RIYADH, SAUDI ARABIA, FEB. 3 -- U.S. command of the skies over southern and western Iraq has allowed allied pilots to bring their firepower to bear on Iraqi Scud missile launchers more quickly and effectively than in the earlier stages of the fighting, U.S. military officers said today.
Allied air supremacy, which Gen. H. Norman Schwarzkopf formally claimed Wednesday, has meant fighter aircraft can for the first time safely patrol over Iraq with little fear of opposition from air defenses. This includes the nighttime hours when Iraqi technicians have been firing the Scud missiles. Fighters are poised to attack Scud launchers as soon as AWACS flying radar platforms or other surveillance aircraft detect a launch.
Previously, U.S. aircraft could be called in from more distant points once a missile was detected, but the mobile launchers often were gone by the time the attack planes got to the site. The cloud cover that settled over the region early in the war also helped shroud Iraqi getaways, generating a pattern in which more Scud firings occurred on cloudy nights.
In a demonstration that the new tactics work, the U.S. Central Command announced today that two of the three launchers that fired Scud missiles Saturday night were attacked immediately, setting off secondary explosions at one of the two. U.S. military officials declined to disclose where the attacks occurred, but it was understood that the two launchers that came under fire were in Iraq's western desert, aiming their missiles at Israel.
Partly as a result of the new missile-hunting tactics, they noted, the tempo of Iraqi missile launches against Saudi Arabia and Israel has slowed from 35 in the first week of the Persian Gulf War to 18 in the second week and three in the last four days.
Schwarzkopf, the U.S. commander of Operation Desert Storm, said Wednesday that U.S. and allied aircraft probably have destroyed all of the approximately 30 fixed missile launchers that Iraq was believed to have had when the war began Jan. 17. But an undetermined number of mobile launchers -- platforms on flatbed trucks -- escaped detection by moving between launches and hiding.
Schwarzkopf dismissed the Soviet-designed Scud missiles as "militarily insignificant," despite Iraq's modification for added range, since they cannot be aimed to hit precise targets. At the same time, he acknowledged that they are important because of the fear they inspire in the civilian populations of Saudi Arabia and Israel. Although all 57 Scud missiles fired on the two countries have been armed with conventional warheads, the fear has been intensified by a prospect that future missiles could be armed with chemical-agent warheads.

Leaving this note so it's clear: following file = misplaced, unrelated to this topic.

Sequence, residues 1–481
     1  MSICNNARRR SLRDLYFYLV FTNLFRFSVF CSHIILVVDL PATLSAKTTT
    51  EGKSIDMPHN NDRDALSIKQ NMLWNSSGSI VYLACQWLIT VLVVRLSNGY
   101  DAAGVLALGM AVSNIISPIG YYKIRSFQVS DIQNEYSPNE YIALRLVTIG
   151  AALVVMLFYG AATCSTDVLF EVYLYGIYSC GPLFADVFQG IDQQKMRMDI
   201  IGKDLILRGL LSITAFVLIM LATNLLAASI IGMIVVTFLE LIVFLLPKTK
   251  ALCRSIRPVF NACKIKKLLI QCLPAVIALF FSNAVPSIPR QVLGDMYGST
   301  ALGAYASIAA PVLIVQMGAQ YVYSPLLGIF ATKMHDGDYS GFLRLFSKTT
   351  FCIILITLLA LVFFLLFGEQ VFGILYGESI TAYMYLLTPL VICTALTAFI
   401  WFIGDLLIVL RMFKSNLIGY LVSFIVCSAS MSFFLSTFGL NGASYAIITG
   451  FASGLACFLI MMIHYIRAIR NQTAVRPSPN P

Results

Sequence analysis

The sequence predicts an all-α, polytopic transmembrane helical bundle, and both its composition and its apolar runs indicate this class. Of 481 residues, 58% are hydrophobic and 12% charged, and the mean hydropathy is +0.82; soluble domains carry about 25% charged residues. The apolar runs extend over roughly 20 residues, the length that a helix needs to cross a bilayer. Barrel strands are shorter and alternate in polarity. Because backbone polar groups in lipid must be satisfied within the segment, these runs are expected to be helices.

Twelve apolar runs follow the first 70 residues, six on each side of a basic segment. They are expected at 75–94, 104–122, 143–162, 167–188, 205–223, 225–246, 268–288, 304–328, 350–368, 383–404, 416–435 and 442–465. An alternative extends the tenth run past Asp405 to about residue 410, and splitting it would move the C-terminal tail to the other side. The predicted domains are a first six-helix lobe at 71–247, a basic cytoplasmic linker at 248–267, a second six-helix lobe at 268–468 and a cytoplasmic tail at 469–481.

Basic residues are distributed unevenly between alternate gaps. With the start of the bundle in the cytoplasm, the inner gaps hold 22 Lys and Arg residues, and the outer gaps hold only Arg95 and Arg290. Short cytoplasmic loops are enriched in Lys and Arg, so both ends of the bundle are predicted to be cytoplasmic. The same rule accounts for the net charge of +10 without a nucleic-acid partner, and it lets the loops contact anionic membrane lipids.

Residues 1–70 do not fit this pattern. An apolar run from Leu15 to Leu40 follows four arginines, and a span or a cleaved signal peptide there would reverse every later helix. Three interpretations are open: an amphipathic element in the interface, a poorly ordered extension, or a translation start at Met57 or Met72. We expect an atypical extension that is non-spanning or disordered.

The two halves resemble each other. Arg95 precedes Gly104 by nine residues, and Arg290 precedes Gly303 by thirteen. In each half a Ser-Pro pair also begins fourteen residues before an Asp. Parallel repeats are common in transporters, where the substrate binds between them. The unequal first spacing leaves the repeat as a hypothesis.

The two missiles fired at Israel on Saturday night, the 28th and 29th, landed harmlessly, Israeli authorities reported. Marine Maj. Gen. Robert B. Johnston said one of them may have missed Israel entirely, falling in Jordan, whose airspace Iraq uses to reach Israel.
The third Scud firing, the 28th at Saudi Arabia, apparently came from southern Iraq. It was intercepted by a U.S. Patriot missile over Riyadh, the Saudi capital. But chunks that landed in a residential neighborhood injured 29 people, chiefly from glass shards, Saudi authorities said.
U.S. military officers said the new quick-reaction tactics have created a situation in which Iraqi technicians are forced to drive to a launch site, crank the missile into firing position and take aim in the knowledge that, in the words of one officer, a U.S. air strike "could be only about five heartbeats away" once they hit the button.
Once the missile is fired, the Iraqi technicians are almost certain to have betrayed their location to an AWACS -- airborne warning and control systems -- plane flying within radar range. As counter-Scud patrols were multiplied over the last week, chances have increased that U.S. fighters are near enough to mount an immediate attack.
Destruction of the Iraqi network of Soviet-supplied antiaircraft missiles has enabled the U.S. jets to patrol more safely at high altitudes. Antiaircraft guns, which are still numerous, are more effective against low-flying planes.
U.S. officers refused to say whether they know how many Iraqi mobile launchers remain after the most recent hits. But they claimed the number has been reduced significantly since air supremacy was declared. At the same time, one officer estimated that Iraqi forces have enough missiles to last six months at the present firing rate, if the launchers are not all knocked out.